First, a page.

Stephen Metraux is Associate Professor at the Biden School of Public Policy and Administration of the University of Delaware, where he directs the Center for Community Research and Service.
Steve’s research on homelessness has included pioneering work on using administrative and survey data to better understand the impacts and costs of homelessness across a range of services systems. More generally, his research has examined how various institutional contexts intersect with homelessness, including the military, jails and prisons, and child welfare. He has worked extensively with public agencies and non-profits on using available data to better understand and evaluate their homeless, housing and related services and the people who use them.
Steve’s current research focuses on unsheltered homelessness and local responses to homelessness encampments, with projects funded by the Arnold Foundation and the City of Philadelphia. He is also continuing work on veteran homelessness that he started during his tenure as an Analyst with the VA’s National Center for Homelessness Among Veterans.
Industry Expertise (1)
Areas of Expertise (6)
Impact of COVID-19 on Homelessness
Media Appearances (5)
Habitat for Humanity branches and UD release study on Delaware's housing repair needs
Delaware Public Media online
Research lead and UD Biden School of Public Policy and Administration associate professor Steve Metraux says essential repairs for those homes could cost nearly $100 million – an exponentially larger figure than the amount of funding currently available in Delaware to support housing repair.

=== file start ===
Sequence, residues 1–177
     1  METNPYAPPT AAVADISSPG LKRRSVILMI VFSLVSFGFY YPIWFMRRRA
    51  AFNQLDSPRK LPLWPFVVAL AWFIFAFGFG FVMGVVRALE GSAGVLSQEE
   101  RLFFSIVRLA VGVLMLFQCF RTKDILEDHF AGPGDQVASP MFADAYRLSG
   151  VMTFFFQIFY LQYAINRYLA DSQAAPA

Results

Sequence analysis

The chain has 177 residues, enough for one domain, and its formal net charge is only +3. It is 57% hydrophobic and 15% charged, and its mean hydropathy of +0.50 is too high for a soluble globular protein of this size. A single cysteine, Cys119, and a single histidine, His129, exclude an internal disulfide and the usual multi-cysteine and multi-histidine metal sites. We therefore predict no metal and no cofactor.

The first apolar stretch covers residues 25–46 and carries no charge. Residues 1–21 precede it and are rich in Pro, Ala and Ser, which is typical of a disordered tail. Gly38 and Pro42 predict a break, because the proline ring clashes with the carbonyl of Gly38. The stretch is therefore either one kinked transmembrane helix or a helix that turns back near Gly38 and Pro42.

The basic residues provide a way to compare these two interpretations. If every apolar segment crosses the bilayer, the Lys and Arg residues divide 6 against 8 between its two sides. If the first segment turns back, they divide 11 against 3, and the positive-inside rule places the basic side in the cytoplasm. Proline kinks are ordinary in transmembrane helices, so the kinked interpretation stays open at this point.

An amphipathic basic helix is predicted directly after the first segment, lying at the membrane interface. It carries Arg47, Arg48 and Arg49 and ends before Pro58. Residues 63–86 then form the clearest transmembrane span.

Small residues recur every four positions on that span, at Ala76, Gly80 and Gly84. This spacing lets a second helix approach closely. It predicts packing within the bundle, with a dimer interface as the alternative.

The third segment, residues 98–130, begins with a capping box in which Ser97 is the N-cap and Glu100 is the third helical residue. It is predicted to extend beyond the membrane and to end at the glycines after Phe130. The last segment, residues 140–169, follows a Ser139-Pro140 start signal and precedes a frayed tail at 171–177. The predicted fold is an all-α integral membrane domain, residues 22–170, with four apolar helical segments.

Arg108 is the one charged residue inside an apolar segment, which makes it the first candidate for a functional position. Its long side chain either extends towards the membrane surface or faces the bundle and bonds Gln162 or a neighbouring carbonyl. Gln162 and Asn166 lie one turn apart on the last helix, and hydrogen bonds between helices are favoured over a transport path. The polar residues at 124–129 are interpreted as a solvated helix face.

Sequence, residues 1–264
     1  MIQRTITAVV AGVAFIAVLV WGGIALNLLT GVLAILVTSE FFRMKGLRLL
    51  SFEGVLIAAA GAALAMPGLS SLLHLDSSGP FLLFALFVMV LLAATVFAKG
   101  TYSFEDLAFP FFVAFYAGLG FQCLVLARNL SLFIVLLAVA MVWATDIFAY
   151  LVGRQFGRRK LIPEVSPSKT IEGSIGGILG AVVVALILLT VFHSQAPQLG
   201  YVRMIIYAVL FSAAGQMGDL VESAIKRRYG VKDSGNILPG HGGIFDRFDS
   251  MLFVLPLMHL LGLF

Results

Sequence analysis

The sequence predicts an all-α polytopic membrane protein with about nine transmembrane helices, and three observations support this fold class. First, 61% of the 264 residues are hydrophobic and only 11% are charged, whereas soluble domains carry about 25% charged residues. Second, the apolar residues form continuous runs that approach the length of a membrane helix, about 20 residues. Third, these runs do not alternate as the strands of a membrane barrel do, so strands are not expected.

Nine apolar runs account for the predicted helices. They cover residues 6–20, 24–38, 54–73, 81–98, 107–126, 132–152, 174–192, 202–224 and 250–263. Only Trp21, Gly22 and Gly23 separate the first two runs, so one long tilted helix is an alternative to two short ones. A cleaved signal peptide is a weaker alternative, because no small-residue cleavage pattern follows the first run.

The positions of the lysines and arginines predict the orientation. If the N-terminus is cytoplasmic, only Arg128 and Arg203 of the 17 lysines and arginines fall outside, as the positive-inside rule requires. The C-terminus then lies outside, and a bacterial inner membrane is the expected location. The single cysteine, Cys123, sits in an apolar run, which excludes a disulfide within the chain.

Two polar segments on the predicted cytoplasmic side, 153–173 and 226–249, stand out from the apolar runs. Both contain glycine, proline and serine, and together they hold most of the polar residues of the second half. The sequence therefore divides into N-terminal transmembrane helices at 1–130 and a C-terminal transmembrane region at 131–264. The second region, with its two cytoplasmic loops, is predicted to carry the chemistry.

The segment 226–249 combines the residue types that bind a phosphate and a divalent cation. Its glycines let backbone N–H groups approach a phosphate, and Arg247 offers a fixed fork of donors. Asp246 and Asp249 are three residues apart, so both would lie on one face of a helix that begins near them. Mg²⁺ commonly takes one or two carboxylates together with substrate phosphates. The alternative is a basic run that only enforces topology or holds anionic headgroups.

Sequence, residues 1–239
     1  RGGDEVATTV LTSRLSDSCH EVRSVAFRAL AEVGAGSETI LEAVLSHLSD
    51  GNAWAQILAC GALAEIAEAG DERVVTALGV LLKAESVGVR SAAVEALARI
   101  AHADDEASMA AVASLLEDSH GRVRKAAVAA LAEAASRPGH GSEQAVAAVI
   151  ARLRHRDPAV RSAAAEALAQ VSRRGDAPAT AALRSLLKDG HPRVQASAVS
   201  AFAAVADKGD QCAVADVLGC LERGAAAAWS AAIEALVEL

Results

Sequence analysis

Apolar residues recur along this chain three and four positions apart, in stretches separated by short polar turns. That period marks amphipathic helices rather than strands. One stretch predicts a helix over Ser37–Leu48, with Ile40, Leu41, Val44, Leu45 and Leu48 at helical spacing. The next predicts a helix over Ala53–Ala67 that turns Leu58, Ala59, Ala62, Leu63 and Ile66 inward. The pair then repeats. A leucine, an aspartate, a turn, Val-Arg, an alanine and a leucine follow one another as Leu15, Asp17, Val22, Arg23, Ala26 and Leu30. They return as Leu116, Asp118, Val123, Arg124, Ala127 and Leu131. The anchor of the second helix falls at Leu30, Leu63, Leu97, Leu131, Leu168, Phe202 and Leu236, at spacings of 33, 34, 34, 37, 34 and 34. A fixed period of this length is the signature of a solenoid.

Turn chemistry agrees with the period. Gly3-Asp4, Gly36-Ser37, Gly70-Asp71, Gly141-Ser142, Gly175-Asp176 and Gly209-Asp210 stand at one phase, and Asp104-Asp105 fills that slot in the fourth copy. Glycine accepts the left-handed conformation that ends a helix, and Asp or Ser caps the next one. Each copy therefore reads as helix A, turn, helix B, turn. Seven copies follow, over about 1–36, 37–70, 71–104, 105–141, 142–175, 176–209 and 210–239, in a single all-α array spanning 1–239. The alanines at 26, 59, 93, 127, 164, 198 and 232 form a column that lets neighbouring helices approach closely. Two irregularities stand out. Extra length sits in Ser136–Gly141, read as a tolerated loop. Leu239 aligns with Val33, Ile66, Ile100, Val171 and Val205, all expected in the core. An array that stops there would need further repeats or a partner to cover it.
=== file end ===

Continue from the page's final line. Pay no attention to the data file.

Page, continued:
Chinatown International District pushes back at expanded homeless shelter. Officials ask where else?
The Seattle Times online
“It risks becoming a dumping ground for homeless people,” said Stephen Metraux, a homelessness researcher at the University of Delaware, who says an overconcentration of homelessness in one area can come to define a place.
Are Boulder’s homeless ‘from here?’ And other FAQ
Boulder Beat online
Dr. Stephen Metraux conducted one of the largest migration studies, analyzing the movements of more than 100,000 unhoused veterans. He found very little movement from one region to another; only 15.3% “migrated across large geographic areas” (from one Veterans Administration service area to another).
Number of people experiencing homelessness in Delaware doubled over past two years
Delaware Public Media online
The largest group, and the fastest growing, are people living in hotels and motels, paid for with vouchers provided by Delaware’s Division of State Service Centers. Steve Metraux, the Director of the Center for Community Research and Service at the University of Delaware, says the State Service Centers have become a centerpiece of the state’s response to homelessness.
Exacerbated by COVID-19, Delaware sees 35% increase in homelessness
The News Journal online
“Even though they didn't count the unsheltered, which should have brought the count down, the count went up by thirty five percent,” said Stephen Metraux, director of the University of Delaware’s Center for Community Research and Service.
Veteran HomelessnessThe Routledge Handbook of Homelessness